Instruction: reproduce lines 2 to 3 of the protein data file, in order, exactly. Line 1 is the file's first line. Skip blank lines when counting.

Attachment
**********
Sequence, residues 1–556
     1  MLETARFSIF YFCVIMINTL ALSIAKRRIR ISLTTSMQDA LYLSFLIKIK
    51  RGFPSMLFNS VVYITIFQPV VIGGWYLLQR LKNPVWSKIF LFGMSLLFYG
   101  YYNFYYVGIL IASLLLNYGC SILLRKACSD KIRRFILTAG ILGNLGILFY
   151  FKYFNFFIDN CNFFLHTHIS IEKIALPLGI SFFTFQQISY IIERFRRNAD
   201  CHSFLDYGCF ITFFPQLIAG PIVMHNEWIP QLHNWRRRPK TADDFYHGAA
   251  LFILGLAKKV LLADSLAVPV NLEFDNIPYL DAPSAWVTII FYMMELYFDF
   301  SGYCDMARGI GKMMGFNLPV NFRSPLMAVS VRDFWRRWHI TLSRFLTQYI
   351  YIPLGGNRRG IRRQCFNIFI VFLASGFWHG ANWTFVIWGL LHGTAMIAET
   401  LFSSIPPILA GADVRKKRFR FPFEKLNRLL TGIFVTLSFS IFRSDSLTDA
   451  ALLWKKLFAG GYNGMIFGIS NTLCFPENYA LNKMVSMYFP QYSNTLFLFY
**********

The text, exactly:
     1  MLETARFSIF YFCVIMINTL ALSIAKRRIR ISLTTSMQDA LYLSFLIKIK
    51  RGFPSMLFNS VVYITIFQPV VIGGWYLLQR LKNPVWSKIF LFGMSLLFYG